Monday, 18 April 2016

FRSC Can No Longer Fine Motorists, Court Rules



A federal high court in Lagos has declared void powers of the Federal Road Safety Corps (FRSC) to impose fines on motorists for traffic offences.
John Tsoho, a judge, held that the commission could not turn itself into a court of law by punishing those who commit traffic offences.

Tope Alabi, a lawyer, had approached the court to declare that only a court of competent jurisdiction could pronounce a person guilty under section 10 (4) and 28 (2) of the FRSC Act 2007.
Other defendant in the suit was the attorney-general of the federation.
The judge also awarded N1million damages in favour of the plaintiff because officials of the FRSC had confiscated his vehicle and driver’s licence.
Tosho said while FRSC was statutorily empowered to arrest and fine traffic offenders, a closer look at the definition of the word “fine” meant a pecuniary criminal punishment or civil penalty payable to the public treasury.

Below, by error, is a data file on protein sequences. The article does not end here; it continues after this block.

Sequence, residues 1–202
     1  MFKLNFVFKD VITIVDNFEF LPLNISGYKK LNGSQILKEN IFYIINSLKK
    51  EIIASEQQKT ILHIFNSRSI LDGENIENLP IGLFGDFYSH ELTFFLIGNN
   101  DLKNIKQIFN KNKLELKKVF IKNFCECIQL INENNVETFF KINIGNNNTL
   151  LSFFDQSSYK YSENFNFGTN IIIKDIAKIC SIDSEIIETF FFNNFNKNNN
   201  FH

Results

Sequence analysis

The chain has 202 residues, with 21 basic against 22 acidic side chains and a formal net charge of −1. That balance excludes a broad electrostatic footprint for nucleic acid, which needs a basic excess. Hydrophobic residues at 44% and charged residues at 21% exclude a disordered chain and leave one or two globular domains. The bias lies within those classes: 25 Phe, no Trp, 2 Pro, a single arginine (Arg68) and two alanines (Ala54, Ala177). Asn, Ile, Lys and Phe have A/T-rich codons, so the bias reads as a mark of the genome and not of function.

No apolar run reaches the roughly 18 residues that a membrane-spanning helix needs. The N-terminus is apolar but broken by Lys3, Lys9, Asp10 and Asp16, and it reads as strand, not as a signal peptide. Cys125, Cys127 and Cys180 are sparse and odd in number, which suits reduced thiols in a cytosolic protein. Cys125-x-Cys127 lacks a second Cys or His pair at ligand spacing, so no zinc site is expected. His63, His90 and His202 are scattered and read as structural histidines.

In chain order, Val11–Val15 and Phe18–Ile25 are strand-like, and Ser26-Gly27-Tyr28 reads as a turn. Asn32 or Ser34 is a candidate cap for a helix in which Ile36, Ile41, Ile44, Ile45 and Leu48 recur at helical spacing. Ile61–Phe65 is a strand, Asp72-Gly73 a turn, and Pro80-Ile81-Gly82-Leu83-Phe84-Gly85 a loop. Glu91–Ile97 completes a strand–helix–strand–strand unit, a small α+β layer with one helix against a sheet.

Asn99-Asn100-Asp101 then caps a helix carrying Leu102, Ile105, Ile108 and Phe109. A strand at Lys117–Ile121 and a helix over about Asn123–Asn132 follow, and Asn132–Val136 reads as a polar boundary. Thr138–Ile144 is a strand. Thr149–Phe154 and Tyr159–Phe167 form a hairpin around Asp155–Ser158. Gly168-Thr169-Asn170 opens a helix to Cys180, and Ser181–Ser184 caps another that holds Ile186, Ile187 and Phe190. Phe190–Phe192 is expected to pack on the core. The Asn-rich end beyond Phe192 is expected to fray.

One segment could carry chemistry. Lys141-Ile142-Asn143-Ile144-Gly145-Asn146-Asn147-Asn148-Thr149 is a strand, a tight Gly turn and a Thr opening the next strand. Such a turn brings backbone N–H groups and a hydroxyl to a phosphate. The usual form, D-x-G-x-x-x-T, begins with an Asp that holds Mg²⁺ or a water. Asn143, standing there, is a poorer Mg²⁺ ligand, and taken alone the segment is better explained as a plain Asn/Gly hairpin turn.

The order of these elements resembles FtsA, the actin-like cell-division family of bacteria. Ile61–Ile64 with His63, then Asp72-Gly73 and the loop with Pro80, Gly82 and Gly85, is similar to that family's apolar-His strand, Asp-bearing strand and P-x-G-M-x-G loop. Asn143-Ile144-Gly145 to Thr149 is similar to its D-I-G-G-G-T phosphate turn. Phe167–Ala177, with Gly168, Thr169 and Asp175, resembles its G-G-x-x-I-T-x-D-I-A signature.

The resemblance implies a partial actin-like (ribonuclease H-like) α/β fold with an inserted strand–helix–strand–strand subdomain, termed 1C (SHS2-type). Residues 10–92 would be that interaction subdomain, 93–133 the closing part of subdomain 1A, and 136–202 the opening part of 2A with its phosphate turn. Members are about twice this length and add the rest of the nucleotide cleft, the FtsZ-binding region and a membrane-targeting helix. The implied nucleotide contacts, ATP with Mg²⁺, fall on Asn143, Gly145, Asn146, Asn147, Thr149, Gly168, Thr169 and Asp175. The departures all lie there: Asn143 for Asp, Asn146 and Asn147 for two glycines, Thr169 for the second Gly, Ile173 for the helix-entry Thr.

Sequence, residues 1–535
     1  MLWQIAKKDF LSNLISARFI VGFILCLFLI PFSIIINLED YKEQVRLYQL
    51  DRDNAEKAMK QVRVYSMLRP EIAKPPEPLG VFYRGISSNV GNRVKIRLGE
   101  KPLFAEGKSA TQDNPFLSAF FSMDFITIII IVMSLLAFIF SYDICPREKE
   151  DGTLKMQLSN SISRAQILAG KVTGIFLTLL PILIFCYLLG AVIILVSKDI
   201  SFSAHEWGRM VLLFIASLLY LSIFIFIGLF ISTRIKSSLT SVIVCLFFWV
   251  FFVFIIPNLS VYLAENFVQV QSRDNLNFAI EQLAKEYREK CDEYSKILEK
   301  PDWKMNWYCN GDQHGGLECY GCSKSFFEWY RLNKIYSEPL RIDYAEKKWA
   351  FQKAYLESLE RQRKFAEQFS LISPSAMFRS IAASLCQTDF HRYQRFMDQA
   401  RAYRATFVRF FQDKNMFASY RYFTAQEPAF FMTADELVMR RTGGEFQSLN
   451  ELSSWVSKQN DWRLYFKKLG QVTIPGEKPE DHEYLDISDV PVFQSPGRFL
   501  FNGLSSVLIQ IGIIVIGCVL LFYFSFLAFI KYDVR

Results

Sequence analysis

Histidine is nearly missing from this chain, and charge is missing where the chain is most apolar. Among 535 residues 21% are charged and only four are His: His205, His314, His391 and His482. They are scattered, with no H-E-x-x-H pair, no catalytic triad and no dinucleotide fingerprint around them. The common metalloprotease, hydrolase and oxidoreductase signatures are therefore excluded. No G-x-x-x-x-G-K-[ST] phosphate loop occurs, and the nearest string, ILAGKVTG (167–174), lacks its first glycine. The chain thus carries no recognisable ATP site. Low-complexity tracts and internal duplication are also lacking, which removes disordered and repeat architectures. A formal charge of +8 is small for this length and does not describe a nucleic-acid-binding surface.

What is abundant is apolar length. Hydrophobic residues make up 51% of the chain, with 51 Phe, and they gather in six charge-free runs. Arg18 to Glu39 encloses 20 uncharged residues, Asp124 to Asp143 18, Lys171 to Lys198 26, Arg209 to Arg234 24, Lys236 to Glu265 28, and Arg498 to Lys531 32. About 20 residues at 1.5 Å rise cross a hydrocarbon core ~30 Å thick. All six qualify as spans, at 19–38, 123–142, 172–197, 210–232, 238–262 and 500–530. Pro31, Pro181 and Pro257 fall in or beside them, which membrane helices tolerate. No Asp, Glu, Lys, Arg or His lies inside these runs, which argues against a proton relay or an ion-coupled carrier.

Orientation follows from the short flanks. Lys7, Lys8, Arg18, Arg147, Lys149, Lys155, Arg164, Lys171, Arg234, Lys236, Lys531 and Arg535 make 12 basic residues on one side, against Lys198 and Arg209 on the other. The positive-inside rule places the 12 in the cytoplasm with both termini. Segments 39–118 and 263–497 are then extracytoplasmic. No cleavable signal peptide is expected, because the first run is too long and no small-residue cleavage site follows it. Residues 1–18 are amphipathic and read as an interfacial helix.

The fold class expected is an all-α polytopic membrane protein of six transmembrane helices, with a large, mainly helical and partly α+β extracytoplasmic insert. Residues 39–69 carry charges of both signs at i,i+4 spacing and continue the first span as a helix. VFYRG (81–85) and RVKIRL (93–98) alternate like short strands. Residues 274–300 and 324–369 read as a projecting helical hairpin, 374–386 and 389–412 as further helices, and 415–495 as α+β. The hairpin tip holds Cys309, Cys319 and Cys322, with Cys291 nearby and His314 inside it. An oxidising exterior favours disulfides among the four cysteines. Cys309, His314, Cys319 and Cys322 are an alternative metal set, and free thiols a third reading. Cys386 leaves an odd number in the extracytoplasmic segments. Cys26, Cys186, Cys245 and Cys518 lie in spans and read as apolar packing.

“In the instant case, however, the involvement of the element of arrest takes the imposition of fine by the FRSC to the realm of criminal punishment,” he said.
“From these definitions, it is obvious that the act of sentencing is a judicial action or exercise, and imposition of fine connotes conviction for an alleged offence.
“It is, thus, very clear that the FRSC, not being a court of law, cannot impose fine, especially as it has no powers to conduct trial.